Some thoughts on discipline

It’s the end of the year, which means, unfortunately, it is senior prank season.  Of course, a number of students are making poor decisions and pulling pranks that cause damage and create potentially dangerous situations.  Of course this also means that the administration is tasked with disciplining these students with very few days left to carry out any consequences.  This has me thinking about student discipline in education.  With that being said, here are just a few bullet notes on the subject:

1.  Discipline is really about teaching.  Every time a student is in the office for a disciplinary infraction is an opportunity to teach the student appropriate behavior.

2.  If the student truly believes that the punishment is “worth it,” then the lesson probably hasn’t been learned.

3.  If the same student is guilty of the same infraction time and time again, then it’s time to reconsider your approach.

4.  Suspending students for skipping school is counterintuitive

5.  Student discipline is generally not black and white because no situation is completely black and white.  When the question is “What discipline is appropriate when a student does such and such,” the answer is always “that depends.”  There are always variables that need to be discussed.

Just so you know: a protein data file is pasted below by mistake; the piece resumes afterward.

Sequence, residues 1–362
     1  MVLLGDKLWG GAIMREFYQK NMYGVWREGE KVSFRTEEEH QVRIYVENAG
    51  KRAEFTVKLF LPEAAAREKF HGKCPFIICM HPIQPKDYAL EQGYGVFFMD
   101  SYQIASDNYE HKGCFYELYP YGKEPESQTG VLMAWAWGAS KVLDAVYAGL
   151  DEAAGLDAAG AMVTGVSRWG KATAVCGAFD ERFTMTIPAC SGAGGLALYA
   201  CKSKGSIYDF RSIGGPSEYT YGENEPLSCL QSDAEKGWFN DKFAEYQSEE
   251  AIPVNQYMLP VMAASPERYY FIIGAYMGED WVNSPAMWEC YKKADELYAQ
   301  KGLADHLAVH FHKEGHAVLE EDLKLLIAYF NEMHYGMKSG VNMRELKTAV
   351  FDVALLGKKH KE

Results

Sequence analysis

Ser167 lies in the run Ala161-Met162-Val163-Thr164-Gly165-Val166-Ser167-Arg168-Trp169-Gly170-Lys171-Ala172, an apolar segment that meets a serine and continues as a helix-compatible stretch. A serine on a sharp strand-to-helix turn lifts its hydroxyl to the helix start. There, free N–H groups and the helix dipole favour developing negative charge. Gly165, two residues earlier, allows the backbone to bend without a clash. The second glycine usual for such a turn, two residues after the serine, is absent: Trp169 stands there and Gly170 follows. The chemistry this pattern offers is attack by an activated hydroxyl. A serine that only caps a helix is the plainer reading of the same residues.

6.  There must be an adult in any disciplinary interaction.  It’s not going to be the angry student, so make sure it’s you.

7.  Discipline is an opportunity to build a relationship with students.  Talking to them, hearing their side of the story, and approaching the situation as an opportunity to move forward will allow you to create a relationship with students, and those relationships can go a long way in preventing further infractions.

Is this a complete list?  Not even close.  Rather, I wanted to take a moment and get some ideas down.  Are some of the naive?  Maybe, but as guiding philosophies, we can work to change the way we look at discipline

Effective discipline